Granted, love can look awfully foolish. And, I am not just talking about a pair of love birds who hold hands and stare at each other as if going to Taco Bell were a fine dining event.

The type of foolish love that the father shows will make a grown man leap and bound down the road like a little boy on the last day of school, until he has embraced his long lost son.

This type of foolish love will cause respectable people to sit with the lowest of the low…the scummiest of the scum…and eat with them while others look on in disgust.

This type of foolish love will forgive over and over again, even if it is unwise.

This type of love will be so foolish and annoying that it will cause the lover to be hung on a cross, and even there Jesus will forgive once again those who would mock and kill and destroy, “Father, forgive them; for they do not know what they are doing.”

All of this foolish love spills haphazardly everywhere because of this one truth: connecting, loving, and forgiving are the starting point of repentance, not the end.

Understand, repentance in the biblical sense does not mean feeling bad about yourself. The biblical vision of repentance and forgiveness as told in Luke does not have us feeling bad about ourselves and then asking for love and forgiveness from a gracious God, though that might happen from time to time.

Instead, repentance, in this Lukan biblical sense, means thinking and living in different way…in a holy way. But, you can only think and live in a new way if you encounter that new way first.

If you want to understand better, just look at the younger son. After he had wasted away his inheritance and found himself dining with the pigs, he decided to create yet another scheme so that he can get back into his father’s house. He would declare his sin to his father and ask to serve as a hired hand. The scheme looks a lot like “feeling sorry,” but it is, none-the-less, a scheme to influence his father to get what he wants: food and a place to live.

In other words, all the hardships of his recent past have taught the younger son nothing. What will it take to get through to this little rat?

But, before the son even gets to start implementing his scheme, the father runs to him, welcoming him back with open arms, and showering him with the gifts of forgiveness and love (not forgetting to mention the robe, ring, and fatted calf).

Maybe, just maybe, you cannot live a life of full of love and forgiveness unless it has first been shown to you. The words of the book of Romans seemed to echo this idea loudly, “God proves his love for us in that while we still were sinners Christ died for us.” Apparently in God’s kingdom, connecting, forgiving, and loving each other are the prerequisites to a new way of repentance. Love always comes first.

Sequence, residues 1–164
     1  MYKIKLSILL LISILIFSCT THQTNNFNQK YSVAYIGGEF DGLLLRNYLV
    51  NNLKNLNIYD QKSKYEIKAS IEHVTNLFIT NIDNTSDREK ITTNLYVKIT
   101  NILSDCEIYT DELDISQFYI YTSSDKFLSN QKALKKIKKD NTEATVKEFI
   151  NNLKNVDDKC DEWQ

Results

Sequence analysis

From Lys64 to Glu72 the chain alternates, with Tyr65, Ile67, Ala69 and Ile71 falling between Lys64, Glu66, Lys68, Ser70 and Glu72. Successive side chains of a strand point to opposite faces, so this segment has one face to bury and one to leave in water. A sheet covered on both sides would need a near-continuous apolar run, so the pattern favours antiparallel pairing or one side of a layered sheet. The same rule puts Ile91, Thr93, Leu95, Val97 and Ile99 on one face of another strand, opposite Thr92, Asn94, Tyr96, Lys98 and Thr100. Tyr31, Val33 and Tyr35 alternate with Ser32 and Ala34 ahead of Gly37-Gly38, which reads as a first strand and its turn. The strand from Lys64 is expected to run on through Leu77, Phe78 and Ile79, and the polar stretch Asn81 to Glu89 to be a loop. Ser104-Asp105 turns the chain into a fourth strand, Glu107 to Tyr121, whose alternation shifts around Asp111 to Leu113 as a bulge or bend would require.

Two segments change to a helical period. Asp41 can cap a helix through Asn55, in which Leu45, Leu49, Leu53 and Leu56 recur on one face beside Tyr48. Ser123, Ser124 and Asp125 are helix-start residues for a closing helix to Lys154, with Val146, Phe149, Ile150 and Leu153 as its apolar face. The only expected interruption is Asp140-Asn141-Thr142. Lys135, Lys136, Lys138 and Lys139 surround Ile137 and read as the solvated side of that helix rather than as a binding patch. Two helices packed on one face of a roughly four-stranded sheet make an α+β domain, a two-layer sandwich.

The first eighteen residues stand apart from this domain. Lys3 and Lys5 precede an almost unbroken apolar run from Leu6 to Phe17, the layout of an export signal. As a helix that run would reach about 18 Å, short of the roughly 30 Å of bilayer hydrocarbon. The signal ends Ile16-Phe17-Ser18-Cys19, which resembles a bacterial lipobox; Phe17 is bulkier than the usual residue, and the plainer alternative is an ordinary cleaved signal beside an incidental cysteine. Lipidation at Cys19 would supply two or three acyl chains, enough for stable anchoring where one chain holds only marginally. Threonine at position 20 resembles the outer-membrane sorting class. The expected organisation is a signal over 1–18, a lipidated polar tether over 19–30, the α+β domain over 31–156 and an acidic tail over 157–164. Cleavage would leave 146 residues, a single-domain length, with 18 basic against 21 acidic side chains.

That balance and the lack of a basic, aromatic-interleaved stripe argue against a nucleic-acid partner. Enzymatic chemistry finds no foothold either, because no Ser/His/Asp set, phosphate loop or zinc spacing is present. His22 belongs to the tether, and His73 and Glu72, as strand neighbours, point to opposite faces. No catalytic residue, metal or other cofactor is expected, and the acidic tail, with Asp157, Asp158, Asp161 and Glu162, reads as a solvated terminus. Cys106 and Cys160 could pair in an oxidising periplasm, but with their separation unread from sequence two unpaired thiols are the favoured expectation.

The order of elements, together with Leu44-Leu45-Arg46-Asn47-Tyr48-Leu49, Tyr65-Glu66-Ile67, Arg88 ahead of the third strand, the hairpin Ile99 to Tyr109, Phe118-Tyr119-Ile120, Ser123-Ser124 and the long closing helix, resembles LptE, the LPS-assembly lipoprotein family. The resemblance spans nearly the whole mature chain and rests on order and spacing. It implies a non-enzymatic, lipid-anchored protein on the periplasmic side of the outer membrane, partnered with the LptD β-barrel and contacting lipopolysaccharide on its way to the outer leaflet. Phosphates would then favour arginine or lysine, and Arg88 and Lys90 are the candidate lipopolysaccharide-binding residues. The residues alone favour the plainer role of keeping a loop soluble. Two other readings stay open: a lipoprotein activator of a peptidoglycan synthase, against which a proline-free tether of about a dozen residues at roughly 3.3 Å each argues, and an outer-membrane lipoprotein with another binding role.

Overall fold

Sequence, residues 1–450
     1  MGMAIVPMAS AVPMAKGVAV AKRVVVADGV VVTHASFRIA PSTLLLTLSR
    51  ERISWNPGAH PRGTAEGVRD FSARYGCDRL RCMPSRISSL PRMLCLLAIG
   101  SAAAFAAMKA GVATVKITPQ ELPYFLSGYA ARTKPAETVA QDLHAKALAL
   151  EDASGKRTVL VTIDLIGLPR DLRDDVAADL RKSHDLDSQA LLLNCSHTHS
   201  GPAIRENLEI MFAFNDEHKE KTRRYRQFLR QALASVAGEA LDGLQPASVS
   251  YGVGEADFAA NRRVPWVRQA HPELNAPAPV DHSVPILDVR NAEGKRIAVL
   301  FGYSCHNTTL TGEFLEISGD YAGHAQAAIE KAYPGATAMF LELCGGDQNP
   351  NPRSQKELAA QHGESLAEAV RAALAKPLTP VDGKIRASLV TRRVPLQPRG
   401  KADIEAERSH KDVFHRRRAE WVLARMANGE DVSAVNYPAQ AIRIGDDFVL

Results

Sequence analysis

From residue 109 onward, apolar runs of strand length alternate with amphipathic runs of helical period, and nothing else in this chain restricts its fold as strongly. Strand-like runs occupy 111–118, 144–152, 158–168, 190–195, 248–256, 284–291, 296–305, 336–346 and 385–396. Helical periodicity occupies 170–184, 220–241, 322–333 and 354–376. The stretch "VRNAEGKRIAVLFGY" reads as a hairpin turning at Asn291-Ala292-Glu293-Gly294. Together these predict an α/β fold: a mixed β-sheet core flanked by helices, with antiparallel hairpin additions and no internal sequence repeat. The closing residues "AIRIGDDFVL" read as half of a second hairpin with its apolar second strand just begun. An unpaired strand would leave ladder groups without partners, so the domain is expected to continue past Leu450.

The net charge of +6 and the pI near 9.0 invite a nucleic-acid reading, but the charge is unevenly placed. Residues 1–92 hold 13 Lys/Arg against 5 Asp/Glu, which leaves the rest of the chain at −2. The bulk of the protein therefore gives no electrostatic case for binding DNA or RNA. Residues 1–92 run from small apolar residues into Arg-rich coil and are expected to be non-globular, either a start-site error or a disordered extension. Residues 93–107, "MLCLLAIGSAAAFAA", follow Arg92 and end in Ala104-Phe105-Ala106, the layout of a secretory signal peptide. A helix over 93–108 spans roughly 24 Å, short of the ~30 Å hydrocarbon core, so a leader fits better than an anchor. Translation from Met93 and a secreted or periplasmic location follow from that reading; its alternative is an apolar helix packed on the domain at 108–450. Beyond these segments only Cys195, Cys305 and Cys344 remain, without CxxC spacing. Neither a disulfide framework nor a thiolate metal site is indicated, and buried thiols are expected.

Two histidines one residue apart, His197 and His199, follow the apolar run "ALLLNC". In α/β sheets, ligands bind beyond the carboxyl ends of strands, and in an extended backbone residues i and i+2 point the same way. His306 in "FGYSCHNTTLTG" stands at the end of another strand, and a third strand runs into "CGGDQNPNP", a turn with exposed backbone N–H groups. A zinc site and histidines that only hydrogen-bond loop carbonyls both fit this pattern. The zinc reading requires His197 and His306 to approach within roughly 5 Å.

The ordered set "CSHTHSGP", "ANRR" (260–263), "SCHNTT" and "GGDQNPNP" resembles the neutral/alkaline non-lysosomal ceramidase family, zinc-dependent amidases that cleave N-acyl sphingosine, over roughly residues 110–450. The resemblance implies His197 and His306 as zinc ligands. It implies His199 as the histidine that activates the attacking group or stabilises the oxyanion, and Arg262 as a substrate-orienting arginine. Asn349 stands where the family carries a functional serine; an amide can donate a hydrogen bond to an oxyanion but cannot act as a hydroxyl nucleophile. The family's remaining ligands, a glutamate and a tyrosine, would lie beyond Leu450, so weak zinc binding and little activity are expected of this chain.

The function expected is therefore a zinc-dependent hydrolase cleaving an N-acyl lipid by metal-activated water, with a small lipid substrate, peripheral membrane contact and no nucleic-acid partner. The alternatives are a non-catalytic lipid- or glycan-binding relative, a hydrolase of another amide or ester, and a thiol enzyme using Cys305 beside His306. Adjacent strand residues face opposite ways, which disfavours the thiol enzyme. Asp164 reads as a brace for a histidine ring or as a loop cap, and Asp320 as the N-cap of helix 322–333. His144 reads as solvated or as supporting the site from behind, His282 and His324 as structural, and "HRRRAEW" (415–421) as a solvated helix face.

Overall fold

Will it work? Will this show of forgiveness change the younger son’s life? Will he repent?

We do not know. That is not part of the story. Maybe it worked great. Maybe it worked terribly. Or maybe, more realistically, the show of forgiveness just started the younger son down a better path in life which was still filled with bumps and steps backwards, but slowly progressed away from narcissism and moved towards loving others as he loved himself.

But, I think that there is a reason that the outcome is not a part of the story in the first place. It is not the possible outcome that determines whether or not a person is shown love in the first place. It is love that helps to shape the outcome.

Love is not the feast at the end of a long journey. Love is the food that you need to start the journey in the first place.

You are never wrong to show love. Never. Even if it does not turn out well or change anyone's life.

Jesus died on the cross for the sake of the world without having any guarantees as to the outcome. You are never wrong to show love to anyone, despite the possible outcome.

His inability to understand this is what makes the older brother lost. What do we do with older children of the world who refuse to love first, and who seek proof of worthiness instead?

What do we do with the older children who seem to care more about receiving their inheritance than receiving their brother?

What do we do with the older children who have worked hard and see grace given to a sinner as some sort of undeserved welfare?

What do we do with those lost older children?

I guess we say something like, "Son, you are always with me, and all that is mine is yours. But we had to celebrate and rejoice, because this brother of yours was dead and has come to life; he was lost and has been found."

I guess we remind them that they too are cared for and loved; because repentance always starts with love. That is God’s way.